I can hear you saying “but stress management isn’t a trait”. I agree, but it’s still an important component of being resilient- and the best news is that it has some easy to learn techniques!
You will benefit from concentrating in this area if you rated the statements like this in the survey with Strongly Disagree, Disagree or Neutral.
I usually take things in my stride
I take things one day at a time
When I’m in a difficult situation, I can usually find a way out.
If I come across a problem, I usually work out a plant to tackle it.
Hopefully by now you can see that exerting control over what stresses us can be key to feeling more resilient. This is why it is a good idea to tackle, rather than avoid, our stressors.
Firstly, we need to be aware of what stresses us out. This can be at variance with what you actually believe, so take a few days to monitor when you are feeling highly stressed and what has happened to create that feeling.
Next, you need to tackle what stresses you can before they strike. I know, it seems a bit strange to say that the best stress management technique is to deal with it before it’s a stressor, but research by a psychologist called Epstein has shown us just that. Take a few minutes to do his online survey at http://MyStressManagementSkills.com to see how competent you are at managing stressors.
Besides nipping stressors in the bud before they start (which Epstien calls Competency P – Prevents stress from occurring), there are three other stress management competencies; R- practices relaxation techniques, M- manages source of stress and T- Manages thoughts. All of these areas are helpful in managing stress and all can be improved upon.
Meditation & other techniques
I mentioned in an earlier blog that meditation was important. In terms of increasing our competence in dealing with stressors, meditation is streets ahead of many other techniques. I’d encourage you to shop around for a meditation technique that works for you. It can be long, short, sitting, walking, guided or self-paced. Just have a go and see how much calmer you are when things blow up around you.
Last time, I also mentioned minding the gap between the stressor and your response. Learn to breathe deeply in that gap, and at other times when you recognize your stressor response, to help you lower your phsysiological arousal and let your thinking brain kick in.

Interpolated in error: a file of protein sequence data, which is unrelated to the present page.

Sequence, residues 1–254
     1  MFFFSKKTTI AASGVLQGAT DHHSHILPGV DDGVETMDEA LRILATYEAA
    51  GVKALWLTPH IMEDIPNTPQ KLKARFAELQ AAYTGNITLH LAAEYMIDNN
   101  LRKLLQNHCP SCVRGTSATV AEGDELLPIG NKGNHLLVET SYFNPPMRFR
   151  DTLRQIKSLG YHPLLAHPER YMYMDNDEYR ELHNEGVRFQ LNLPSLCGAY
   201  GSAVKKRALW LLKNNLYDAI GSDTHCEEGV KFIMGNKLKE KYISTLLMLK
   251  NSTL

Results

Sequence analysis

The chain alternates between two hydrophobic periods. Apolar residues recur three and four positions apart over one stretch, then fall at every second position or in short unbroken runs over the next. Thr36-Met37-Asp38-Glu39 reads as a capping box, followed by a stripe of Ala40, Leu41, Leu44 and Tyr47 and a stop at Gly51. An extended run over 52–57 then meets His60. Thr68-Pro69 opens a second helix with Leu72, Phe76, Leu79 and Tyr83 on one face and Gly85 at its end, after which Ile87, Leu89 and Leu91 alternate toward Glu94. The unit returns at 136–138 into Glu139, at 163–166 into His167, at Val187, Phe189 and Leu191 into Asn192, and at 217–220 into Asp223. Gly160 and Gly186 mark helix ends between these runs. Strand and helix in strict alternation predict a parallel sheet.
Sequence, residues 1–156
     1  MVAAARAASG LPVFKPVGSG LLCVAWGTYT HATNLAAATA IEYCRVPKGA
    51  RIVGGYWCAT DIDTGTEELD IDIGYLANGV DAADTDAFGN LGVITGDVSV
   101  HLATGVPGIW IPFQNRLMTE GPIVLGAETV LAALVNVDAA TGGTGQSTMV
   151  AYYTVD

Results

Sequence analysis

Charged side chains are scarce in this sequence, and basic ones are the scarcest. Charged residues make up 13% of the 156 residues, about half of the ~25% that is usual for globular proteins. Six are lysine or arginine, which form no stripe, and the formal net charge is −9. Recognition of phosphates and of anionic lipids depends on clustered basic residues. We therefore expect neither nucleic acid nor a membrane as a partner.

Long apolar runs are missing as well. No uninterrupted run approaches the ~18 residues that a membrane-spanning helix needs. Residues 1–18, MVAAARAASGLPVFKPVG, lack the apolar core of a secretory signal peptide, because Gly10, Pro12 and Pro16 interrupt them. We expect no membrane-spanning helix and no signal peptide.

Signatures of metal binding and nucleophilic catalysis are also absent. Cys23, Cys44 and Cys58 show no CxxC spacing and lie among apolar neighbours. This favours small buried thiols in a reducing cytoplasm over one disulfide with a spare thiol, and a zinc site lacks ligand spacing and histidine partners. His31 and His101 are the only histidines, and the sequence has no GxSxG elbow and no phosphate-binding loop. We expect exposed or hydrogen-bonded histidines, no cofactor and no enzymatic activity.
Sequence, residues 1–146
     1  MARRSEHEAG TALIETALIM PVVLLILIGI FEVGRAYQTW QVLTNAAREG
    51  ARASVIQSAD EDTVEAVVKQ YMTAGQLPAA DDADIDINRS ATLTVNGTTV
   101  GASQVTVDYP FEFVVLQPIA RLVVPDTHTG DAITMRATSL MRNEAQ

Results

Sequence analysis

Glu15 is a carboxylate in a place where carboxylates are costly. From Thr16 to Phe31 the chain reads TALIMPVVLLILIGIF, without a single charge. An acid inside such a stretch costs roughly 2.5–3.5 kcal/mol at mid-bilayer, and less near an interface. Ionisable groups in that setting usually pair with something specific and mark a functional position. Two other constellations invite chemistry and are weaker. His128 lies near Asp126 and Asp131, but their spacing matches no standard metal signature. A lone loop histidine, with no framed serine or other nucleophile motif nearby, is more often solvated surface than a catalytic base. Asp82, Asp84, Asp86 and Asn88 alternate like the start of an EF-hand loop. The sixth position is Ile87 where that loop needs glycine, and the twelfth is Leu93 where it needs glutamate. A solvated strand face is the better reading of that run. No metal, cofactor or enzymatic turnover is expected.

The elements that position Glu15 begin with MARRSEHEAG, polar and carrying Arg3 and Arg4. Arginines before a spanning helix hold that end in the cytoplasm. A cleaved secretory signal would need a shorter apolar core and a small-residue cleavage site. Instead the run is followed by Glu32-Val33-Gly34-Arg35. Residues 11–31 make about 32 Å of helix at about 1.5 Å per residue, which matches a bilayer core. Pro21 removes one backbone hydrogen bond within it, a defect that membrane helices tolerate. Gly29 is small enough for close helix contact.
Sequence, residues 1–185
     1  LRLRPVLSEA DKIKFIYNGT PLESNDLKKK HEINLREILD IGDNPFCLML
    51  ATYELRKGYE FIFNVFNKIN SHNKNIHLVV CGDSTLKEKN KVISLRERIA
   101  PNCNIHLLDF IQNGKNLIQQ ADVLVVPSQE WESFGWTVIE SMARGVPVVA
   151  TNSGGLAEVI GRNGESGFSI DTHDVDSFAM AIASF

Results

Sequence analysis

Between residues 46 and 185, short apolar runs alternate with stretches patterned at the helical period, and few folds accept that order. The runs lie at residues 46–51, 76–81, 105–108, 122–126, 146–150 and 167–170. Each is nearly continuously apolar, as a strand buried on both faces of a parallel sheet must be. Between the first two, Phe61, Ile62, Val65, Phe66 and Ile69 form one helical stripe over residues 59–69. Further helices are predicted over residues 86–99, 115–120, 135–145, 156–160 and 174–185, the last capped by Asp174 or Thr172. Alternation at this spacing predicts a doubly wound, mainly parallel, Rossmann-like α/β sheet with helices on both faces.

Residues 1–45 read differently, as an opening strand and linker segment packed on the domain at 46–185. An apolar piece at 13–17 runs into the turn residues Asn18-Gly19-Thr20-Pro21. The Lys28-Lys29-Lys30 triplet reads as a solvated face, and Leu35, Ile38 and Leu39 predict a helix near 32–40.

Sometimes I have to laugh at the amount of lists around me, but what they have done is substantially reduce the ‘white noise’ that floats around in my brain.
Something that may interest you- when the brain sees a task as needing to be done or unfinished, it sets up an automatic reminder system. That’s the little reminder voice that jumps into your mind a hundred times a day! It’s called “..pulling on the skirts of your memory” and it does serve a function- to ensure that you have done all that is needed for the day. However, it can be very annoying! (This, by the way, is the same element that ensures that that annoying song you heard a bit of before switching it off this morning stays in your head all day. It’s reminding you that the song is unfinished. Next time, let the song complete itself and it will leave you alone).
There are two major ways to deal with this reminder voice. One is to do the task. The other is to write a plan, list or timetable a time to do it. Having my brain clear of these reminders is one reason I write everything down… but don’t just trust me; try it for yourself!
Deal with things in a positive way
It’s so easy to fall back on poor habits to make ourselves feel better quickly – like drinking or numbing ourselves and our pain. Instead, start to implement some good, positive habits and get them really embedded into your system by doing them regularly. That way, when stressors start to arise, you will fall back on these good habits instead of automatically reaching for the comfort food. Even if you just try this for a week, you’ll feel better, stronger and will value yourself more for exercising the discipline.
So, this week let’s try an easy exercise:
Exercise: Select and stick with one stress management technique. It can be breathing properly, learning a relaxation, learning or practicing meditation, being pro-active in avoiding stressors or starting a new positive tradition for managing stress.
Next week is our last blog! I’ll be sending out the final survey the week after so that you’ve had a chance to instigate the last exercise. Hope you are feeling more resilient!
Take care and stay steadfast…
Ingrid and the team.